Over time, medicine became more sophisticated, abortion became safe, and, in 1973, it became legal. Rather than focusing on women’s lives, the anti-abortion camp found a stronger foothold in rhetoric emphasizing fetal life, which provided the basis for its new “pro-life” designation. Advancements in science also presented anti-abortion activists with the opportunity to further their cause, often by distorting scientific facts to fit their narrative.
Of these advancements, the development of ultrasound technology has been the biggest boon for the anti-abortion movement: Ultrasound machines became commonplace in clinical settings in the early 1960s, the availability of which led to a now-famous LIFE magazine photo essay of a 28-week fetus, “The Drama of Life Before Birth.” In 1976, medical ultrasonics became advanced enough that doctors could pick up the electrical pulses cardiac cells make as they develop—a phenomenon anti-abortion activists have come to refer to as a “fetal heartbeat."
“The anti-abortion movement managed to colonize the word ‘life,’ which is a very big and resonant and powerful word."
Anti-abortion politicians and activists continue to try to make science cohere to arguments against abortion. The typical anti-abortion protest in 2019 might include blown-up sonograms of fetuses developed past the point at which most women terminate pregnancies, or photos of infant children. “Fetal heartbeat” bills, which use the point at which doctors can first detect a “heartbeat”—around six weeks—as the threshold for banning abortion, have become increasingly popular among conservatives, as have legislative proposals concerning “fetal pain,” which seek to ban abortion at 20 weeks based on the scientifically debunked idea that fetuses begin to feel pain at that time.
When Iowa Republican Steve King introduced his version of a “fetal heartbeat” ban in 2017, he used an ultrasound machine to drive home his message. As the sound of a heartbeat thrummed over the speakers, King told attendees of the House committee meeting: “He can’t wait to be born.” And leaders in the anti-abortion movement also made a broader effort to invoke scientific consensus when they themed this year’s March for Life “Unique from Day One: Pro-Life is Pro-Science,” arguing in a mission statement that “life begins at fertilization, or day one, when egg meets sperm and a new, unique, human embryo is created."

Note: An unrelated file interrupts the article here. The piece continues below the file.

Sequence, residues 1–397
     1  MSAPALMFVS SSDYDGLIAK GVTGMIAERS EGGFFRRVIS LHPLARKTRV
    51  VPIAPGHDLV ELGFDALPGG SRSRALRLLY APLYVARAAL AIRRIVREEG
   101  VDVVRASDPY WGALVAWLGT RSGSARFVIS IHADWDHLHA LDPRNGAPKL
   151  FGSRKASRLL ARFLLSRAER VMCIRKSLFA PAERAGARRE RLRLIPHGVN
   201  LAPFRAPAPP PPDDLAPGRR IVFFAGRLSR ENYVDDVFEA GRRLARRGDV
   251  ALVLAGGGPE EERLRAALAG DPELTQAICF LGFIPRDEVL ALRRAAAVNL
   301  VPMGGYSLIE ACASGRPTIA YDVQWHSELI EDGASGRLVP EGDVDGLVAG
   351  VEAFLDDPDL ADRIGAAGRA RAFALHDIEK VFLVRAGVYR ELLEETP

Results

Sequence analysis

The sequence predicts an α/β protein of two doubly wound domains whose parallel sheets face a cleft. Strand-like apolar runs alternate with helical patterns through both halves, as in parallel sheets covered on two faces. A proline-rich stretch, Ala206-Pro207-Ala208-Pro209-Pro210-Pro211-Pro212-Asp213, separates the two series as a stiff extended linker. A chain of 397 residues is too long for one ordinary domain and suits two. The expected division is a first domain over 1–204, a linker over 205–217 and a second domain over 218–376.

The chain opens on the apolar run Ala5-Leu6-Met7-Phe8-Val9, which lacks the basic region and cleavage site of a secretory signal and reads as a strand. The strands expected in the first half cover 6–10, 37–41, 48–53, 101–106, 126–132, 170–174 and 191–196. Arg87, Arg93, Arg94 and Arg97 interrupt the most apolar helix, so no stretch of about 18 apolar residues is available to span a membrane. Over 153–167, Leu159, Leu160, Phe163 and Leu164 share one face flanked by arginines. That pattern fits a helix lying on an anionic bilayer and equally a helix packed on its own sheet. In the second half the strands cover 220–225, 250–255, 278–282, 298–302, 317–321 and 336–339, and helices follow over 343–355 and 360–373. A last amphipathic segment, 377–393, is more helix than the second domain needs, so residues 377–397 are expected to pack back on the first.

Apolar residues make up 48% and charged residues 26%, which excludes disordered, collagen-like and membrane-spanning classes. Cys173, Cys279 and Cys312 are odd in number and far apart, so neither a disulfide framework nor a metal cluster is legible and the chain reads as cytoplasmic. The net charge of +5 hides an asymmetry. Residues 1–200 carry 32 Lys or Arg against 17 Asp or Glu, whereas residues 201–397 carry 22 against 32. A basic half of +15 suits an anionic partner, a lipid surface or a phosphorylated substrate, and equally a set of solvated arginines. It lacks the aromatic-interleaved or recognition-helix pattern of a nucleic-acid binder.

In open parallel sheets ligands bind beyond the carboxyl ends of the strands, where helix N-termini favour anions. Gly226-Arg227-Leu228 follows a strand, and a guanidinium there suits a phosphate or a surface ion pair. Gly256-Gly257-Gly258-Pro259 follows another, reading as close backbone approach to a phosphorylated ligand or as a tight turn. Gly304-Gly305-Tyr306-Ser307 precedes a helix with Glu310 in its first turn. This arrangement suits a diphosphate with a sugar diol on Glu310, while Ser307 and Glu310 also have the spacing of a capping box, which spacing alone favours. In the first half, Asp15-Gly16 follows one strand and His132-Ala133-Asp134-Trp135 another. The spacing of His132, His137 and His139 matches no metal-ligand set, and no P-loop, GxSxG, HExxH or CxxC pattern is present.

“Technology, science, and medical developments provide the means to shape persuasive rhetoric to protect human life,” Clarke Forsythe, the senior counsel at Americans United for Life, the country’s first pro-life public interest law firm, wrote in an email.
That the pro-abortion rights camp would settle on “choice” to counter the anti-abortion discourse wasn’t always a given. In the early 1970s, Jimmye Kimmey, the executive director of a now-defunct group known as the Association for the Study of Abortion, wrote a memo arguing “choice” was the best way to counter the weightiness of “life.”
“‘Right to life’ is short, catchy, composed of monosyllabic words—an important consideration in English,” she wrote at the time. “We need something comparable. Right to choose would seem to do the job. And...choice has to do with action, and it's action that we're concerned with.’”
But even as abortion rights activists began to coalesce around the term “pro-choice,” discussions concerning the merits of the label sprung up in women’s organizations across the country. Years after Kimmey’s memo, a young woman who would go on to lead the National Organization for Women was attending one of her first meetings with the organization, where board members were debating the use of the term.
“We had a big discussion about whether we would say ‘pro-abortion’ or ‘pro-choice,’” Toni Van Pelt, who has served as NOW’s president since August 2017, said on the phone earlier this month. “We determined that we would go with ‘pro-choice’ because our goal was women’s self-autonomy. We didn’t want it to seem like we were pushing abortion on people.”
Van Pelt said she was “agnostic” at the time of the discussion—1989—and NOW ultimately decided to take the mainstream feminist line of using “pro-choice,” though it has since adopted messaging referring to abortion as a human right. Considering the current threats to abortion rights on the local, state, and federal level, Van Pelt says she sympathizes with the early arguments in favor of taking a stronger rhetorical stance.
“What we’re seeing today is probably why people wanted to use the term ‘pro-abortion,’” Van Pelt continued. “And that’s because there’s nothing wrong with abortion and there’s nothing wrong with using the term ‘abortion.’ It shouldn’t be stigmatized.”